Bruce Springsteen's marriage
I got the biggest kick out of the way Bruce Springsteen and Julianne Phillips (PEOPLE, May 27) pulled the wool over the eyes of all the fans and the reporters. The couple deserved to have the wedding ceremony that they wanted. Congratulations to Mr. and Mrs. Springsteen.
Does Bruce feel that his fans are a rowdy pack of barbarians ready to riot? The media blackout of his wedding was a complete public relations fiasco, especially for a star who had enjoyed tremendous rapport with his fans. Bruce denied us the opportunity to share in his happiness by playing stupid games.
How refreshing it was to learn that Bruce Springsteen got married to a lovely lady in a traditional way without the hoopla of a three-ring circus. Best wishes to the Boss and his bride.
North Arlington, N.J.
Your cover headline "Who's the Boss Now?" suggests a ring through Bruce's nose rather than one on his finger. C'mon! All the guy did was fall in love and get married. Congrats to the Springsteens.
Whenever I danced around the house to the Born in the U.S.A. album with a faraway look in my eyes, my husband would ask me what I would say if Bruce Springsteen fulfilled my dream and appeared at our front door ready to carry me away. My reply was always, "Do I have time to leave a note?" Alas, the last of the great dream lovers has finally been taken.
How do you get anything you want, even Bruce Springsteen? Simple. Be glamorous, make $2,000 a day and have a helpful manager. Although Bruce has taught us working-class kids a lot about life over the years, this is one lesson I hadn't expected, or wished, to learn from him.
To celebrate, I listened sepulchrally to Springsteen's music, deciding Atlantic City was the most fitting wedding song for this couple. Then I downed a bottle of champagne while mourning. But I have to ask: Why do we care? Few of us have met either the bride or the groom. So why shed a tear or, for that matter, cheer? And the obsession doesn't stop with the happy couple. I turned the radio on the day after the wedding to hear a disc jockey trying to interview Bruce's mother-in-law. Does anyone really care how this woman does her hair or if she plays bridge? And if we do, isn't it time to reevaluate our lives? Our idols, Bruce included, deserve less of our devotion to their personal lives and more to the art they create for our enjoyment.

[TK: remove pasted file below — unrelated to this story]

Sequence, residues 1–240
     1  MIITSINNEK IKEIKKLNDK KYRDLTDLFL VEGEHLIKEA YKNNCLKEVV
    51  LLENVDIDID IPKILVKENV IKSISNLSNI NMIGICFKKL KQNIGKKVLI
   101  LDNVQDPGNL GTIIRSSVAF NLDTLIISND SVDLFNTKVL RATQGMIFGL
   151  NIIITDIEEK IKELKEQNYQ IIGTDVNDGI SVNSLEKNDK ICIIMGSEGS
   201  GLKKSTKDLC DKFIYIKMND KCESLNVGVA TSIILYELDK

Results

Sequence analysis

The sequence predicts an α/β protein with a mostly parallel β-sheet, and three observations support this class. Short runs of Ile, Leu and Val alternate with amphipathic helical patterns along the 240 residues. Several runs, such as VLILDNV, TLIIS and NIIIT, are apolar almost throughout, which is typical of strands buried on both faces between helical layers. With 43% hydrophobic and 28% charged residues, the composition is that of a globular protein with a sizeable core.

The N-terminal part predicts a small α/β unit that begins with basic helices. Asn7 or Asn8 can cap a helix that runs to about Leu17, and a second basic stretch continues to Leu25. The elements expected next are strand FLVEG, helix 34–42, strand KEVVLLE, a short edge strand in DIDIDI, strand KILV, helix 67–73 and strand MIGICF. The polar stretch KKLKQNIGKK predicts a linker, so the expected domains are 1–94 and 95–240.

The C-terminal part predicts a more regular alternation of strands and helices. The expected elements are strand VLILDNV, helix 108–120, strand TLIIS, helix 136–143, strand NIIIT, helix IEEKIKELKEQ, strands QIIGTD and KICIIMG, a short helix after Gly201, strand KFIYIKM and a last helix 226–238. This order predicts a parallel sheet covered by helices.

As a happily married young woman and a fan of Bruce Springsteen's music, I am happy he has found someone to share life's joys and sorrows with. However, I can understand the heartache of his thousands of female fans. How awful for them that Julianne Phillips is not only gorgeous but has apparently lived the perfect life.
Picks & Pans
Saying that the piano in Prince's Condition of the Heart is "pretty" is like saying that NASA's space program took a little thought. Prince is nothing less than a genius.
Arne and Corrine Cera
Your reviewer's comment that he could not imagine Wham!'s George Michael "married to anything but his mirror" was out of line. Yeah, he's gorgeous, and, to an extent, he uses his looks to sell himself. What of it? So do a lot of other men and women in the music world today, but they don't have the talent George has in his little finger. The guy probably couldn't win for losing, though, because I'm sure that, if he were lacking in the looks department, you'd cut him up for daring to show his ugly face in a video.
Lori R. Griffith
I just finished cleaning out my garage, and after looking at the pile of junk on the ground, I've decided that this work of art would fit in very nicely with the others on display at New York's trendy nightclub Area. Just let me know where to send it.
If Mark Pauline thinks that the dead rabbit spinning on a hanger he has displayed at Area is a work of art, he's not, as he says, "kind of a crackpot"—he's downright sick. I was shocked and disgusted and lost a little of my respect for your magazine for even showing a picture of something like this sad creature. The world is full of enough cruelty without reinforcing it through the mass media.
My grandmother died recently from complications of Alzheimer's disease. Alzheimer's doesn't leave people a little confused or forgetful. It robs them of everything that ever made them people. My grandmother suffered for 10 years, the last five of which she spent curled up in a ball, neither speaking nor seeing. Many times my family thought that euthanasia might be the only way to end her living hell. By shooting his wife, Roswell Gilbert saved her from reaching the unthinkable state in which my grandmother existed. If the jury at his trial had been made up of family members of Alzheimer's victims, he'd be a free man today.
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